# 42

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## Number

$42$ (forty-two) is:

$2 \times 3 \times 7$

The $2$nd sphenic number after $30$:
$42 = 2 \times 3 \times 7$

The magic constant of a magic cube of order $3$, after $1$, $(9)$:
$42 = \ds \dfrac 1 {3^2} \sum_{k \mathop = 1}^{3^3} k = \dfrac {3 \paren {3^3 + 1} } 2$

The $4$th and largest positive integer after $1$, $3$, $14$ of which the product of its Euler $\phi$ function and its divisor count equals its divisor sum:
$\map \phi {42} \map {\sigma_0} {42} = 12 \times 8 = 96 = \map {\sigma_1} {42}$

The $5$th Catalan number after $(1)$, $1$, $2$, $5$, $14$:
$42 = \dfrac 1 {5 + 1} \dbinom {2 \times 5} 5 = \dfrac 1 6 \times 252$

The $8$th positive integer $n$ after $5$, $11$, $17$, $23$, $29$, $30$, $36$ such that no factorial of an integer can end with $n$ zeroes.

The $8$th abundant number after $12$, $18$, $20$, $24$, $30$, $36$, $40$:
$1 + 2 + 3 + 6 + 7 + 14 + 21 = 54 > 42$

The $10$th semiperfect number after $6$, $12$, $18$, $20$, $24$, $28$, $30$, $36$, $40$:
$42 = 7 + 14 + 21$

The number of integer partitions for $10$:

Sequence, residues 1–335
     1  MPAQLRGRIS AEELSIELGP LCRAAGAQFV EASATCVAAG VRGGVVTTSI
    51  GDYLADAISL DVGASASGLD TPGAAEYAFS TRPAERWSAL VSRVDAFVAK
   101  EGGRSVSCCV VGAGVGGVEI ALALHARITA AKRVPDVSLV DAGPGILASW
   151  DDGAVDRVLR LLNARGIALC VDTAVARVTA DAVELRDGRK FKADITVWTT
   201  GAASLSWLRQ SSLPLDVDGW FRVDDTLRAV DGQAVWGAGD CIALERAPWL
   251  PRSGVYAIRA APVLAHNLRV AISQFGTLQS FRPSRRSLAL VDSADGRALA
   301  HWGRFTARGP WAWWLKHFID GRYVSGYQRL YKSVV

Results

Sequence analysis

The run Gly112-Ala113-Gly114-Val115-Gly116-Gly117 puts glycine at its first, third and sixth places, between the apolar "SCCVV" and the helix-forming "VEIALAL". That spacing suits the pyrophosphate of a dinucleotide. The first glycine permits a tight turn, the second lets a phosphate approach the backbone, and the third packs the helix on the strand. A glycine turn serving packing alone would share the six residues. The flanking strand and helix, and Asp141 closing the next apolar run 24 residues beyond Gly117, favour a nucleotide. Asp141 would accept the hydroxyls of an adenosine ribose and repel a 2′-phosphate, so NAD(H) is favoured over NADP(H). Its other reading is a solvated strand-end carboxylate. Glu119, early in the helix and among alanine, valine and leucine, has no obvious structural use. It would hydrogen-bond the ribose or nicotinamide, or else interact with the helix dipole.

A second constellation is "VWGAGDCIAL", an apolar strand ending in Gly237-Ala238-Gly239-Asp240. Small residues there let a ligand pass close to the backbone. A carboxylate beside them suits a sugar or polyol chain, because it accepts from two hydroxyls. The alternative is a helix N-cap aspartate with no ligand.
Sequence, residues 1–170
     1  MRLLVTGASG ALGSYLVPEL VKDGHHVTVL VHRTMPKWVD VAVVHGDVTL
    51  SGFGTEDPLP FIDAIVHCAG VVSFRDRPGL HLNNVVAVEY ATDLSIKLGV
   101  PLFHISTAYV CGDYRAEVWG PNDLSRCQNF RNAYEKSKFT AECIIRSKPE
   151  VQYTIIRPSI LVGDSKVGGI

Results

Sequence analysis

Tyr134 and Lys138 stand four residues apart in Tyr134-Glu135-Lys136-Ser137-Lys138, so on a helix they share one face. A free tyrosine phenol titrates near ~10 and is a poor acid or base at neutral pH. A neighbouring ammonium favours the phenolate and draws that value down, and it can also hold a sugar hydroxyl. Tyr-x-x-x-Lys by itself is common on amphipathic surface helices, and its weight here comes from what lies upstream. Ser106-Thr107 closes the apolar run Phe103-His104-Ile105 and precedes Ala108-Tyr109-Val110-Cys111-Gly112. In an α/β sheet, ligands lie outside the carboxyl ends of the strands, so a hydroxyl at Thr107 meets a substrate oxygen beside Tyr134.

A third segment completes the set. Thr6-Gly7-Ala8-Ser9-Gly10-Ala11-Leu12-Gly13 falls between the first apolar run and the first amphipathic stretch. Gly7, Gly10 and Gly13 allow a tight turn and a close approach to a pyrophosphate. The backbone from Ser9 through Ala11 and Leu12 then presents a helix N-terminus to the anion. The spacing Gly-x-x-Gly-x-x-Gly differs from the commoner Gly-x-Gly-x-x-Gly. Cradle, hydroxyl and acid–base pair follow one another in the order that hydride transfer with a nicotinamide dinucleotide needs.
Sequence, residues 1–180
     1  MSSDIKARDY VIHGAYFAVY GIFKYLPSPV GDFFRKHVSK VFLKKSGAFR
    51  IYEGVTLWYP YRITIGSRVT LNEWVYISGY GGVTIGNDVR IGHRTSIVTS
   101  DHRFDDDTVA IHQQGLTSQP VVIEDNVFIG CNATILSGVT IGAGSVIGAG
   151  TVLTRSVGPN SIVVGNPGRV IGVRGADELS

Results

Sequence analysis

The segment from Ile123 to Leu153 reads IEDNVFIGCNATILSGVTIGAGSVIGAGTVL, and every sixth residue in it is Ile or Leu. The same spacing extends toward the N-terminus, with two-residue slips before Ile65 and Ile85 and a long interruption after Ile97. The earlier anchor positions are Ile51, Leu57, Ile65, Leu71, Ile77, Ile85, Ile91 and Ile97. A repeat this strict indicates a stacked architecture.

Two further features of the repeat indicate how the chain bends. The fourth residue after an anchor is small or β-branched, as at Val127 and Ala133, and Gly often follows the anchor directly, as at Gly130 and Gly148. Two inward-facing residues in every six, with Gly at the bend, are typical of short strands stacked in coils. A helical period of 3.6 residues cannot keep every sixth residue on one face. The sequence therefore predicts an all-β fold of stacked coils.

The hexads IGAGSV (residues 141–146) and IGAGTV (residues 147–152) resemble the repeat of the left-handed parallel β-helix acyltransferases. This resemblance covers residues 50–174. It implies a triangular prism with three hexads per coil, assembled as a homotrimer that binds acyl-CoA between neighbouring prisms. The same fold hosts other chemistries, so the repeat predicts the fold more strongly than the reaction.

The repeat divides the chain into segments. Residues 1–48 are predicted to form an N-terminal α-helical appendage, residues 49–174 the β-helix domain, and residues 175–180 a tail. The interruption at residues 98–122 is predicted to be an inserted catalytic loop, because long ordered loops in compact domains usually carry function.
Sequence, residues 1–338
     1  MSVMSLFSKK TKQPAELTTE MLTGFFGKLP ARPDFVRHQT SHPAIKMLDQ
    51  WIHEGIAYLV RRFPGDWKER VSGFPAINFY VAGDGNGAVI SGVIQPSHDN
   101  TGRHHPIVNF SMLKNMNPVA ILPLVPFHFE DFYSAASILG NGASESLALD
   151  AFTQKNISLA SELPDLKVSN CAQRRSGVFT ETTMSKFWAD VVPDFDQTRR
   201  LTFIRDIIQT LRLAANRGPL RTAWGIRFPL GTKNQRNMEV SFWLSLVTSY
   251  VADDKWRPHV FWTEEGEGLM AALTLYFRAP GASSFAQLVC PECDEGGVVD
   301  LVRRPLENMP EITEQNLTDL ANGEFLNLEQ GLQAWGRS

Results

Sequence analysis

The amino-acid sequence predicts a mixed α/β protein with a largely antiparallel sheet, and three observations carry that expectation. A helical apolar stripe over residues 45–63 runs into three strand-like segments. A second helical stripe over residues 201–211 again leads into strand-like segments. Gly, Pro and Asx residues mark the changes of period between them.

$\map p {10} = 42$

The $15$th highly abundant number after $1$, $2$, $3$, $4$, $6$, $8$, $10$, $12$, $16$, $18$, $20$, $24$, $30$, $36$:
$\map {\sigma_1} {42} = 96$

The $17$th after $1$, $2$, $3$, $4$, $5$, $6$, $7$, $8$, $10$, $12$, $14$, $16$, $18$, $24$, $30$, $36$ of $21$ integers which can be represented as the sum of two primes in the maximum number of ways

The $25$th positive integer after $2$, $3$, $4$, $7$, $8$, $\ldots$, $26$, $29$, $30$, $31$, $32$, $33$, $37$, $38$ which cannot be expressed as the sum of distinct pentagonal numbers.

The $29$th (strictly) positive integer after $1$, $2$, $3$, $\ldots$, $27$, $30$, $31$, $32$, $35$, $36$, $37$, $38$ which cannot be expressed as the sum of distinct primes of the form $6 n - 1$

### Arithmetic Functions on $42$

 $\ds \map {\sigma_0} { 42 }$ $=$ $\ds 8$ $\sigma_0$ of $42$ $\ds \map \phi { 42 }$ $=$ $\ds 12$ $\phi$ of $42$ $\ds \map {\sigma_1} { 42 }$ $=$ $\ds 96$ $\sigma_1$ of $42$

## Historical Note

Famously, the answer to life, the universe and everything, in The Hitchhiker's Guide to the Galaxy by Douglas Adams, is $42$.

The number is completely arbitrary. Adams looked out of the window, thought of a number, and decided "$42$. That'll do." Nothing more profound than that.

## Also see

No further terms of this sequence are documented on $\mathsf{Pr} \infty \mathsf{fWiki}$.